Kế toán, kiểm toán - Chapter ten: Franslation of foreign currency financial statements

To prepare worldwide consolidated financial statements a U. S. parent must: (1) convert the foreign GAAP financial statements of its foreign operations into U.S. GAAP and (2) translate the financial statements from the foreign currency into U.S. dollars. This conversion and translation process is required whether the foreign operation is a branch, joint venture, majority-owned subsidiary, or affiliate accounted for under the equity method.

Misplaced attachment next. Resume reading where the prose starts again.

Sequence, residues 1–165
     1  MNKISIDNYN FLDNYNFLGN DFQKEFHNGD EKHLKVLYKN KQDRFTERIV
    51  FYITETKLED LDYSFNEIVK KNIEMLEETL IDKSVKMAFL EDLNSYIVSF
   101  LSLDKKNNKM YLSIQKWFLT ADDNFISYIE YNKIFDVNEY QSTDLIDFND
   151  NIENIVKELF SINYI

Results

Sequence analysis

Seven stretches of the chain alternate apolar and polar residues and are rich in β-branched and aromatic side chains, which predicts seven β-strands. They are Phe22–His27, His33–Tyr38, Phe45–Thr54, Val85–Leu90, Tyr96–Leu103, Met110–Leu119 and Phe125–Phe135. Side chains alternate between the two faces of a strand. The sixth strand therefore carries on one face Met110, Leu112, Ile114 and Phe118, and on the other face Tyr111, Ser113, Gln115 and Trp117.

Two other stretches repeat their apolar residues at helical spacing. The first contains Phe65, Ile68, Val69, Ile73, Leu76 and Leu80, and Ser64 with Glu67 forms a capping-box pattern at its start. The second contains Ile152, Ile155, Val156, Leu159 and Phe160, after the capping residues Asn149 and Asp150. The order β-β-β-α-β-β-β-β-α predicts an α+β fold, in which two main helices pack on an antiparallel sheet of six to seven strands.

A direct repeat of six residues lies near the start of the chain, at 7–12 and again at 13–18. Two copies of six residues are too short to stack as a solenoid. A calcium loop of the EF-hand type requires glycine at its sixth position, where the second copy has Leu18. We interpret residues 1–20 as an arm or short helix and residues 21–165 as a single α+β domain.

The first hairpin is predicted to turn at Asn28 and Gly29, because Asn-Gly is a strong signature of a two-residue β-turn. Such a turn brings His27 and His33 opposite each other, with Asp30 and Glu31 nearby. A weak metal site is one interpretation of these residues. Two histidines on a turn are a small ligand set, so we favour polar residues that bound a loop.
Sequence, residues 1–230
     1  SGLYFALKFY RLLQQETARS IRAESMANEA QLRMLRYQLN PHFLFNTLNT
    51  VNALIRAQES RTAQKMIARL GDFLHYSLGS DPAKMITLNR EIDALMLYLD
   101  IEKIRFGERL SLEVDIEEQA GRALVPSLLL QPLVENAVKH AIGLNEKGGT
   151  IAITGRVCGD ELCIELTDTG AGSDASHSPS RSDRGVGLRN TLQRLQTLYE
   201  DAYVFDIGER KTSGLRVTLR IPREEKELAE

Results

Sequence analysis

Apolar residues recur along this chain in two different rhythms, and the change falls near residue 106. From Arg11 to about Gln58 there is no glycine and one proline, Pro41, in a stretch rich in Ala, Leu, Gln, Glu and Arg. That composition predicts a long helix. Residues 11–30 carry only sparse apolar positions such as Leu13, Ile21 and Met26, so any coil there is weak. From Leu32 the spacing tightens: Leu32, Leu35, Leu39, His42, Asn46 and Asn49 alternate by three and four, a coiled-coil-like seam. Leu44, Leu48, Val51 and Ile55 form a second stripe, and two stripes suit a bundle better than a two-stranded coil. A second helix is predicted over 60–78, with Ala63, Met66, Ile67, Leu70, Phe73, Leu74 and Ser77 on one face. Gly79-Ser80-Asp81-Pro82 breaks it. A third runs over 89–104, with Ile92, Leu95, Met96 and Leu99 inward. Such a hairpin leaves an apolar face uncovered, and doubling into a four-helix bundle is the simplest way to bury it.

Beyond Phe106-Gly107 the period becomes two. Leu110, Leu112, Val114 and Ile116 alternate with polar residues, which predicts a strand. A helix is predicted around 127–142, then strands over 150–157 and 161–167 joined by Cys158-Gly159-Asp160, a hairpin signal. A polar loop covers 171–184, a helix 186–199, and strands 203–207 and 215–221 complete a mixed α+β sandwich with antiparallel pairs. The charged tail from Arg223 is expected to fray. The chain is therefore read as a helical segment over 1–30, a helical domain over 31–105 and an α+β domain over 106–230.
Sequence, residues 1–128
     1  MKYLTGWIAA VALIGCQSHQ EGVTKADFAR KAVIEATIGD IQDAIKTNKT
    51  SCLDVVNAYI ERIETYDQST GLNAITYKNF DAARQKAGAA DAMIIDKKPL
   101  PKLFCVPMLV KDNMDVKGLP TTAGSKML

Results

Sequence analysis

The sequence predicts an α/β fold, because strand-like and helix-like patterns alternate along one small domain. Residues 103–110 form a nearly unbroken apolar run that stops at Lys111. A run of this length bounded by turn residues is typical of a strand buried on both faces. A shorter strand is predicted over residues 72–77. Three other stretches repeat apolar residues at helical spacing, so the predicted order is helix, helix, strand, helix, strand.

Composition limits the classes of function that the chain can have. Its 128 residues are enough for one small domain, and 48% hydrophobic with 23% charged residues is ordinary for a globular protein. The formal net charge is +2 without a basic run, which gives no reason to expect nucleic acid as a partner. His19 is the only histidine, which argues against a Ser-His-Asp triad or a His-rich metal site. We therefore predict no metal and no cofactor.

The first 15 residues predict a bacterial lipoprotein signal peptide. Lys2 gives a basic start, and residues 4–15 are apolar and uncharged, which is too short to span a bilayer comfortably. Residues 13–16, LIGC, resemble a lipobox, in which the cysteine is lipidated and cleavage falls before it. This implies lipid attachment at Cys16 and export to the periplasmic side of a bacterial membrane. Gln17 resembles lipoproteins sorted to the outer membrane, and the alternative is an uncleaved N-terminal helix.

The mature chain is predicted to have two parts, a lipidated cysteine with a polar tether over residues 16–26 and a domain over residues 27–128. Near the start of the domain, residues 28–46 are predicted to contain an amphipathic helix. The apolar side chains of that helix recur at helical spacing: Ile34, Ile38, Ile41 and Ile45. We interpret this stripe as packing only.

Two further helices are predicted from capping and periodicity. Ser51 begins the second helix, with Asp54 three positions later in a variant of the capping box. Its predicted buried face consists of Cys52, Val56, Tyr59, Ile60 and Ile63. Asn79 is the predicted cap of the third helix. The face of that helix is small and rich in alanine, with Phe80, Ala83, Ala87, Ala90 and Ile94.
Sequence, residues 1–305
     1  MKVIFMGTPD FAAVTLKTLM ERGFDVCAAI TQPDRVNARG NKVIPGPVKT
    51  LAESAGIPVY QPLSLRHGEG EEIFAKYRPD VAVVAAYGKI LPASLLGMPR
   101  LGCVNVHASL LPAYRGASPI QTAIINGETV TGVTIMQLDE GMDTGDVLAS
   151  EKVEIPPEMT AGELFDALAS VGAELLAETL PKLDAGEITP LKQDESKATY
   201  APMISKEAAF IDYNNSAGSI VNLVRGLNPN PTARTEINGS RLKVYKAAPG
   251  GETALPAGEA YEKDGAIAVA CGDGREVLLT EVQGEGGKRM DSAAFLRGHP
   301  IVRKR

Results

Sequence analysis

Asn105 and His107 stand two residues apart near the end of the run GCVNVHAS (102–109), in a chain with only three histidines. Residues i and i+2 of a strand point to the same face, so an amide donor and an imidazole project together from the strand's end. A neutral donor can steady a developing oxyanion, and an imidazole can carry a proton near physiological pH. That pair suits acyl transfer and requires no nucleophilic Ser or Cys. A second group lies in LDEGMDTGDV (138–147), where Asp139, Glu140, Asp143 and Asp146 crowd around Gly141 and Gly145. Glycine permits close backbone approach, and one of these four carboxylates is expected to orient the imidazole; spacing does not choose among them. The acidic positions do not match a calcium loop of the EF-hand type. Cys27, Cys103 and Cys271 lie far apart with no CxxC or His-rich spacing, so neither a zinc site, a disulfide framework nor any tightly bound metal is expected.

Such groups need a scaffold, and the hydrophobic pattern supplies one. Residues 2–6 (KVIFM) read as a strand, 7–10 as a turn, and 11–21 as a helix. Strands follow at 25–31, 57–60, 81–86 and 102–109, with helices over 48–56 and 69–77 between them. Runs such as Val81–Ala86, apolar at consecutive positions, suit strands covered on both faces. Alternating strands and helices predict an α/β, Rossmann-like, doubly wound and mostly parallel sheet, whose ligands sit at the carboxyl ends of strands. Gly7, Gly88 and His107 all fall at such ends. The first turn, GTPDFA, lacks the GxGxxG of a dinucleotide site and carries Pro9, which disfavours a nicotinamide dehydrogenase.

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Chapter TenTranslation of Foreign Currency Financial Statements Copyright © 2013 by The McGraw-Hill Companies, Inc. All rights reserved.McGraw-Hill/IrwinWorldwide Consolidated Financial Statements To prepare worldwide consolidated financial statements a U. S. parent must:(1) convert the foreign GAAP financial statements of its foreign operations into U.S. GAAP and (2) translate the financial statements from the foreign currency into U.S. dollars. This conversion and translation process is required whether the foreign operation is a branch, joint venture, majority-owned subsidiary, or affiliate accounted for under the equity method. 10-*Translation Methods: Temporal and Current Rate LO 1Two major translation methods are currently used: (1) the current rate (closing rate) method and (2) the temporal method. 10-*Treatments for Translation AdjustmentThe two major translation methods and the two possible treatments for the translation adjustmentgive rise to four possible combinations:10-*Two Translation CombinationsSome subs use a U.S. dollar perspective to translation, so most of their transactions are recorded in U.S. dollars using the temporal method. Other subs use the local currency perspective; they operate relatively independent of their U.S. parents and use the current rate method for translation. Translation adjustment appears in the equity section. LO 210-*Functional CurrencyTo determine whether a subsidiary is integrated with the parent or operates independently, we look at the functional currency.A company’s functional currency is the primary currency of the foreign entity’s operating environment. 10-*Highly Inflationary EconomiesIn highly inflationary economies, the Temporal Method for translation is required.A country has a highly inflationary economy when its cumulative three year inflation exceeds 100 percent. With compounding, it equates to an average of approximately 26 percent per year for three years in a row. A country may or may not be classified as highly inflationary, depending on its most recent three-year experience with inflation.10-*Current Rate MethodLO 3Under the current rate method, all revenues and expenses are translated at the exchange rate in effect at the date of accounting recognition. The weighted average exchange rate is used when revenues and expenses have been recognized evenly throughout the year. However, when an income account, such as a gain or loss, occurs at a specific point in time, the exchange rate as of that date is applied. Depreciation and amortization expenses also are translated at the average rate for the year. These expenses accrue evenly throughout the year even though the journal entry could be delayed until year-end for convenience.10-*Temporal Method If the sub’s functional currency is the US $, then any balances denominated in the local currency, must be remeasured.Remeasurement requires the application of the temporal method.The remeasurement gain or loss appears on the income statement.LO 410-*Temporal MethodThe temporal method remeasures cash, receivables, and liabilities into U.S. dollars using the current exchange rate. Inventory, property and equipment, patents, and contributed capital accounts are remeasured at historical rates resulting in differences in total assets and liabilities plus equity which must be reconciled resulting in a remeasurement gain or loss. 10-*Temporal MethodIn remeasuring the statement of cash flows, the U.S. dollar value for net income is taken from the remeasured income statement. Depreciation and amortization are remeasured at the rates used in the income statement, and the remeasurement loss, a noncash item, is added back to net income. Increases in accounts receivable and accounts payable, related to sales and purchases, are remeasured at the average rate. The increase in inventory is determined by the remeasurement of cost of goods sold. 10-*Nonlocal Currency BalancesIf any accounts of the foreign subsidiary are denominated in a currency other than the local currency (or the US$), they would first have to be restated into the local currency.Both the foreign currency balance and any related foreign exchange gain or loss would then be translated (or remeasured) into US$.10-*Hedging Balance Sheet ExposureTranslation adjustments and re-measurement gains / losses arise from: (1) Exchange rate changes and (2) Balance sheet exposureBalance sheet exposure can be hedged through derivatives (forward contracts or foreign currency options) or through nonderivative instruments (foreign currency borrowings).Ironically, in seeking to avoid unrealized translation adjustments, realized foreign exchange gains and losses can occur!LO 510-*Consolidation of a Foreign SubsidiaryThe initial step in consolidating the foreign subsidiary is to translate its trial balance from British pounds into U.S. dollars. Because the British pound is the functional currency, the translation uses the current rate method. The historical exchange rate for translating Bradford’s common stock and January 1, 2012, retained earnings is the exchange rate that existed at the acquisition date—$1.51.LO610-*Consolidation Worksheet with Foreign SubsidiaryLO 710-*